By Heather Hoch
By Lauren Saria
By JK Grence
By Eric Schaefer
By Robrt L. Pela
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By Laura Hahnefeld
By Laura Hahnefeld
(Such a picky editor! Fine, I didn't go to Virginia. I didn't go to Silver Spring, either. But I found a Web listing that says the Fairfax eatery exists, and that "the chicken is excellent." I didn't actually find any Maryland listing, though, so you might want to have our crack team of fact checkers look in on it. They could call the phone number on the card, I guess.)
Whether Brasa Roja honestly has "the best chicken in town," as its business cards boldly proclaim, I can't really verify. Over the last week, I tried to eat at every single metro-Phoenix place serving chicken, but may have missed a few. (Oh, whatever! So I actually just ate Brasa's poultry in three different versions, but each time it was topnotch.) The rotisserie broiled bird came out a bit parched in the classic arroz con pollo, a mountain of tomato-garlic absorbed rice spiked with breast meat, peas, onion and green pepper alongside yucca, a sweet-toned root vegetable prepared like French fries. Yet it was moist and juicy in lomo saltado, a sort of rice casserole with pretty much the same ingredients as arroz con pollo, but a lot more gravy. When the chicken's on its own -- whole, halves or quartered and served with salad plus French fries, rice, beans or yucca -- the Spanish seasoning marinade shines through.
Note to copy desk: Our spell-checker is going to kick back this word: patacón. But that is the correct spelling -- I double-checked in the National Library of Colombia Bogotá (er, okay, actually a South American cookbook I have in my back bedroom). Patacón is a delightful appetizer of green plantains, sliced and gorgeously greasy-crisp deep-fried. The chips are sprinkled with salt, and then dipped in zingy green aji chile salsa, or Dijon-mayo sauce sparked with jalapeño. The guacamole, though, is even better, bringing a big platter of chips fanned out like a starburst, and layered with lots of remarkably fresh, smooth, chunky fruit coarsely chopped with tomato and onion. They're a real treat to eat with one of Brasa Roja's outstanding, not-too-sweet margaritas, perhaps on a weekend night when the live Latin American music plays. One evening, the margaritas were just $1.99 for a huge glass, so don't be surprised, my editor, when I submit expenses for about two dozen of the beauties, in a rainbow of flavors like lime, blue, peach and strawberry. For professional reasons, I sampled them all.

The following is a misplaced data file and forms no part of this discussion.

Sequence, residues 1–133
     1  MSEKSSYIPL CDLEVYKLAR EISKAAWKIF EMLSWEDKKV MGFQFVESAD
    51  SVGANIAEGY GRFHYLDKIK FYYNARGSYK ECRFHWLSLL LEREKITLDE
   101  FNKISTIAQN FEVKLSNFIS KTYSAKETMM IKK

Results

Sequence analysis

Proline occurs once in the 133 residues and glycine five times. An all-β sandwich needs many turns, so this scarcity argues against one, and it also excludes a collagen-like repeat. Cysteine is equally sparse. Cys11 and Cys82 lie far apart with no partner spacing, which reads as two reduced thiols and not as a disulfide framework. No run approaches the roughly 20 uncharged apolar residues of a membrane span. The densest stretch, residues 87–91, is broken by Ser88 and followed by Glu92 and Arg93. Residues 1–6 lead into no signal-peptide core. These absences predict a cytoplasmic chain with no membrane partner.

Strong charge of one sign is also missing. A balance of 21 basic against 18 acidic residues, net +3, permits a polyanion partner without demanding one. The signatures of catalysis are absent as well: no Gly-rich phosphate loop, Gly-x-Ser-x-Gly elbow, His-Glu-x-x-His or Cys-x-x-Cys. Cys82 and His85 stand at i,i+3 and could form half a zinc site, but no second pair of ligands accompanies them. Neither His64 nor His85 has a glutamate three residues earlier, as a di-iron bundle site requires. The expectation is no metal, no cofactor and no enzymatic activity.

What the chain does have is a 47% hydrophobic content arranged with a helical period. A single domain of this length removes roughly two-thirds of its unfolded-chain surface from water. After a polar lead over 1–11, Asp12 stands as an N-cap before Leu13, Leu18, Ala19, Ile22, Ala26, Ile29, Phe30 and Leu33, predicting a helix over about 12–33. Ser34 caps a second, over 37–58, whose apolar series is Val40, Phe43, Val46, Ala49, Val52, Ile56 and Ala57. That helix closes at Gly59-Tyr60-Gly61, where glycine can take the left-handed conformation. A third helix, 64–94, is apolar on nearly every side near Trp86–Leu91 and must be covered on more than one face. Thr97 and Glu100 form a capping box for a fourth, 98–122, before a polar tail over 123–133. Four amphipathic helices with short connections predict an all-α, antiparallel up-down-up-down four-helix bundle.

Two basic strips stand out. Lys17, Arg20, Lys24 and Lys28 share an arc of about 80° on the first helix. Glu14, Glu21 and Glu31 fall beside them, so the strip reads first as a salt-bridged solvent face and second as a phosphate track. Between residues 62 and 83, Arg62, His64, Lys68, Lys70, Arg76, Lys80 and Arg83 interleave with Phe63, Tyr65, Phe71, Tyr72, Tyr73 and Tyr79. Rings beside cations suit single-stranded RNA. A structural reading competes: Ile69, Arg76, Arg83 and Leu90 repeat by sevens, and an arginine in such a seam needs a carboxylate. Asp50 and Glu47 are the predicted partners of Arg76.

Hours: Lunch and Dinner, Sunday through Thursday, 11 a.m. to 10 p.m.; Friday and Saturday, 11 a.m. to 11 p.m.
Wow, those Colombians like their meat. It's everywhere there -- or at least it is on Brasa Roja's menu. They've got carne asada (10 ounces expertly broiled, with rice, beans, plantains and a tossed green salad), a 12-ounce New York steak, carne encebollada with grilled onions, and meaty charcoal-broiled ribs. Then there's a monster platter called the Brasa Roja, which is a feast of eight ounces of grilled beef, shrimp, a quarter chicken, rice and beans. I didn't find a single dish I didn't like, though I'll say that my favorite, during these hot summer months, is the mojarra, a whole tilapia fish deep-fried to juicy perfection.
(One more thing, ed.: Because I'm such a team player, I won't be asking for reimbursement for the expenses I incurred doing all this legwork. Don't want to bog down my rapid ascent to the top. I know you'll overlook some of my indiscretions. You wouldn't want to throw obstacles in the way of a young woman on the rise, would you? How would that make the paper look?)